labour, the liberal democrats and the green party have called for the ban to be made permanent. our business correspondent katie prescott reports. it's been one of the most controversial issues of the last decade. fracking, the process of getting gas from rocks using pressurised water and chemicals. but the resulting earthquakes and disruption have infuriated local communities and environmental campaigners. they are delighted by today's news. i'm absolutely delighted. we knew that a decision was going to come out, last night, at midnight in fact, but we daren‘t hope that it was going to be as good as it is. 0k, it isn't a band but it is a moratorium and i can't see how the moratorium can be lifted until they can prove that fracking can be done safely. the government had hoped that sites like these would change our energy landscape, providing an abundant home—grown source of fuel that would reduce our gas import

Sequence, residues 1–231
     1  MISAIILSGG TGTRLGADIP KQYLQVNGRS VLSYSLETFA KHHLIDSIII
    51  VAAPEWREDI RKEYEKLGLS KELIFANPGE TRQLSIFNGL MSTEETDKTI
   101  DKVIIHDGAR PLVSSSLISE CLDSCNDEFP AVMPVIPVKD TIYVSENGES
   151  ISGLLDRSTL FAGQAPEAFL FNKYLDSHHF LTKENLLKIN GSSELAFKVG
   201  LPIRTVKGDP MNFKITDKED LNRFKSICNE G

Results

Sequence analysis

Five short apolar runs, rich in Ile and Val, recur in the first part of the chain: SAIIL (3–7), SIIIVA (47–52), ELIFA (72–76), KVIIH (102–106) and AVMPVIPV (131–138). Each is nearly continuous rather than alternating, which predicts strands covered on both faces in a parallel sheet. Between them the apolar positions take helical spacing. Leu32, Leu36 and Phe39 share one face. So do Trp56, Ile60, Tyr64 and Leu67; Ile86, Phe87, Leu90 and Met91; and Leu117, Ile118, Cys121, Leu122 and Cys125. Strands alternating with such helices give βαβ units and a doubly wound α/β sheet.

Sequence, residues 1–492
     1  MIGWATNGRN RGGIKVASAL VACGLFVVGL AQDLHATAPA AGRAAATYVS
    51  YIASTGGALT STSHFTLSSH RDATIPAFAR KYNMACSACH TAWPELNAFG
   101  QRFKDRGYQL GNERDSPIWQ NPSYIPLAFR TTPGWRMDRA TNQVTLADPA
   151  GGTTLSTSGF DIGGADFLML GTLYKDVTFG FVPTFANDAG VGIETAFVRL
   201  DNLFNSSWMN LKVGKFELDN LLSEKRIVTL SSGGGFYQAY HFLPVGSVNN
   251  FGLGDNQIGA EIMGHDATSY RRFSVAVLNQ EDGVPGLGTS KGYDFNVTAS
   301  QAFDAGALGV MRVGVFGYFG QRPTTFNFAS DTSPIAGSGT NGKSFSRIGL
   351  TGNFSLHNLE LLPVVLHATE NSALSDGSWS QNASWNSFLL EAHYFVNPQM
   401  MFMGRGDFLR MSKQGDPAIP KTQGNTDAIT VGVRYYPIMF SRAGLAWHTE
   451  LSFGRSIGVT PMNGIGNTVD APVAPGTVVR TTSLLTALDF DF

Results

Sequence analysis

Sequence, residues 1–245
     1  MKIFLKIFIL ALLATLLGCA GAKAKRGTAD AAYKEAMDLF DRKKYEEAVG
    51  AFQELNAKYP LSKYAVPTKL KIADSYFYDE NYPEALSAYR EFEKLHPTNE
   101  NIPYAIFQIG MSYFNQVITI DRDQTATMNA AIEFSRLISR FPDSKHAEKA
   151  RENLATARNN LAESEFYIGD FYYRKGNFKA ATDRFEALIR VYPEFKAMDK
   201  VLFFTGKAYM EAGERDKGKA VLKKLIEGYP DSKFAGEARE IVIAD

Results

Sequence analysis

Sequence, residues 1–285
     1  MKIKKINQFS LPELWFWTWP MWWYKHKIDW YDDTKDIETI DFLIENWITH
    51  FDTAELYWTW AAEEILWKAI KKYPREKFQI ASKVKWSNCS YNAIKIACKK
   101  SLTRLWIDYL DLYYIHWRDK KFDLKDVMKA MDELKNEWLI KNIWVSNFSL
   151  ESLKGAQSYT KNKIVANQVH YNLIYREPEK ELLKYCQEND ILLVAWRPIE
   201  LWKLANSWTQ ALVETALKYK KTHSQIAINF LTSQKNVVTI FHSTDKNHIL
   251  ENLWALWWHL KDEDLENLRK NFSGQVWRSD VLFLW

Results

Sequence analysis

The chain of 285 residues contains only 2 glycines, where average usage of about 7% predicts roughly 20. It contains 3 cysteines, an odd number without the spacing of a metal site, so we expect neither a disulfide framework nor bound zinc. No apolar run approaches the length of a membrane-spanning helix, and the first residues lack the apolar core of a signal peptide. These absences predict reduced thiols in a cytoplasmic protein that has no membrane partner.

and cut carbon emissions. but now they have changed their mind, stopping just short of a permanent ban. there is no doubt that extracting more natural gas in the united kingdom would be very attractive but we have always been clear, we can only do that if it can be done safely. we will follow the science, so in future, should the ability to be certain about seismic events and so on, we will look at it again. but labour says they do not trust the government's u—turn and feel it could be an election ploy. today the regulator says it is not safe because it can't predict how many earthquakes fracking will cause and it says that the impact on local communities is unacceptable. as a result, companies must stop their operations. fracking's industry body says it is fully committed to working with regulators to demonstrate it can operate safely. and that 72% of the uk's gas will be